by Tamzin Lovell-Miller
Set your art business up for success using practical strategies that make sales a pleasure.
Rule 1: Know what you’re selling and who you’re selling it to
The greater clarity you have the better your business will be, and the faster you will grow. To test your clarity, ask a few people who know you well, and a few strangers to tell you what it is you sell and who they think it is best suited for. If they struggle to answer or come up with a vague response, like you “sell art to art buyers”, then you should work on making it clearer.
Describe what you do/produce. In what price bracket? Who are you doing/making it for? Why would they want it? Where else could they get it? Why should they choose you?
Know your customer. Write down what your ideal client needs, wants, and what their budget is. Create a profile of a single person who represents your ideal client. Describe them in detail so that you can picture them. When you create any communication, aim it at that person. For more information on customers, read Understanding your target market in the artworld
Rule 2: Have a clear vision and a plan to achieve it
A vision is about where you’re heading. It’s important to have a clear picture of that in your mind. Think about the milestones that will tell you along the way that you’re getting there. Write down your objectives and how you could measure success.
Plan the sales path to reach your goals. That may involve you selling directly or through partners. The plan may need to be adjusted along the way, but without a plan, you’ll struggle to succeed. You’ll need to be open to unforeseen challenges and opportunities, but that’s life. That’s what makes it hard, and fun too.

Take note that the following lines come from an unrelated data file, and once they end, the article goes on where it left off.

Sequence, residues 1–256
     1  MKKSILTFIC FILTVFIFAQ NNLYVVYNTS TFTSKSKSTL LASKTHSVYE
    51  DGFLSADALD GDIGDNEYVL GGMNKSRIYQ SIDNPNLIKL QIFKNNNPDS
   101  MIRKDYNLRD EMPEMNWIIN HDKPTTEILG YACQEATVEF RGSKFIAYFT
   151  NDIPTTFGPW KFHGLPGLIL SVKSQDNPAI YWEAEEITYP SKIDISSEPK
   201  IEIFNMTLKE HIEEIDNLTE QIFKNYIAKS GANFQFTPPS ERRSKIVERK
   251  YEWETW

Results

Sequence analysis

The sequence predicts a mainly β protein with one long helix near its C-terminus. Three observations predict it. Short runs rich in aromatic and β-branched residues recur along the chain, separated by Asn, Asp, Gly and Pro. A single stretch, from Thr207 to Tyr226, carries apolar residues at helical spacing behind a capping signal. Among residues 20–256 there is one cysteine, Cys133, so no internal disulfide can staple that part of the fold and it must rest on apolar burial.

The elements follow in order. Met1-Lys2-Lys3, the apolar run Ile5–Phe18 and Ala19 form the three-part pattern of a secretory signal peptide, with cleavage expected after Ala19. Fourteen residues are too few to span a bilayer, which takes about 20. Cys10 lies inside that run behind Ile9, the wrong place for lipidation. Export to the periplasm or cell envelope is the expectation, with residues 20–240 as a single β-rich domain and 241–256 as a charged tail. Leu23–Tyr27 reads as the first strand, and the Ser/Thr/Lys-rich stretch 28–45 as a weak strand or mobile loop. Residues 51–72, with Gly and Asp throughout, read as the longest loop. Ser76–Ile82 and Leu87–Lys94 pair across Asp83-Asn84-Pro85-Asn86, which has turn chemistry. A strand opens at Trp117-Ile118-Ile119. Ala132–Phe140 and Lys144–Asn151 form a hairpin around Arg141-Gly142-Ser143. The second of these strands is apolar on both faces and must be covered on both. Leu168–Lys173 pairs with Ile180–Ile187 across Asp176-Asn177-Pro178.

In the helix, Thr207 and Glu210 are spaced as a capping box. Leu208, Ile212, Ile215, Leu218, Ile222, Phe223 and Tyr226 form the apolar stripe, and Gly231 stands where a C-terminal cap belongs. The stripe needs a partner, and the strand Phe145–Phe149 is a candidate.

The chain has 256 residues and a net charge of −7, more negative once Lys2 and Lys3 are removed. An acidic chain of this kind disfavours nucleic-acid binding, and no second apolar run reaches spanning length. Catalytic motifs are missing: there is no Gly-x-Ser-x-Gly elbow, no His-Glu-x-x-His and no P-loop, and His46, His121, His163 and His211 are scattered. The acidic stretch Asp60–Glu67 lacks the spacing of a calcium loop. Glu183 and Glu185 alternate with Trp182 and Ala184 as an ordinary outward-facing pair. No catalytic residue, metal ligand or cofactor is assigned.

Rule 3: Don’t sell, help people buy (there’s a difference)
You might hate selling, but the good news is, the people you’re selling to hate “selling” too. No one likes to be sold to. If they’re visiting your space or website, all you have to do is help people buy. Buying art is a challenge. There’s a lot to choose from, and people often don’t understand art pricing. They need reassurance about the investment, and they want to feel confident when they buy. This all adds up to needing help! Ask questions to kick off the conversation and just think about how you can help them.
People like to look around and think and may need some time or a few conversations before committing to a purchase. Therefore, a system for quick and easy professional follow-up could mean the difference between a sale and no sale. You need to be able to send a PDF catalogue or Private Viewing of the works they expressed interest in immediately after the interaction. A good art inventory system with instant catalogues takes the pain out of this process and makes a great impression.
Rule 4: Sell the story, not just the facts
Yes, people want to know the facts about a work, such as medium, size, and price, but they really want the romance, so sell a good story. This counts just as much for online sales and is so often neglected. Online, artists and galleries often just show images of an artwork. This is basic information with a link to the cv of the artist, but if you add video telling the story of the work, you are much more likely to help the viewer connect with you and the work and want to own it.
Provide a short and memorable version of the story which they can tell their family and friends about the work, its inspiration, and its value. People often post-rationalize a purchase, and this helps to avoid that post-spend regret and helps them become your ambassador too. Here’s some interesting reading: Helpful tips for artists to increase success by telling their stories.
Rule 5: Make friends
When you first meet someone, you start by developing rapport. Tell them a bit about yourself, and focus on your positive energy. Then ask questions they will want to answer, which will help you understand their needs. This will make them want to stay to hear and talk more.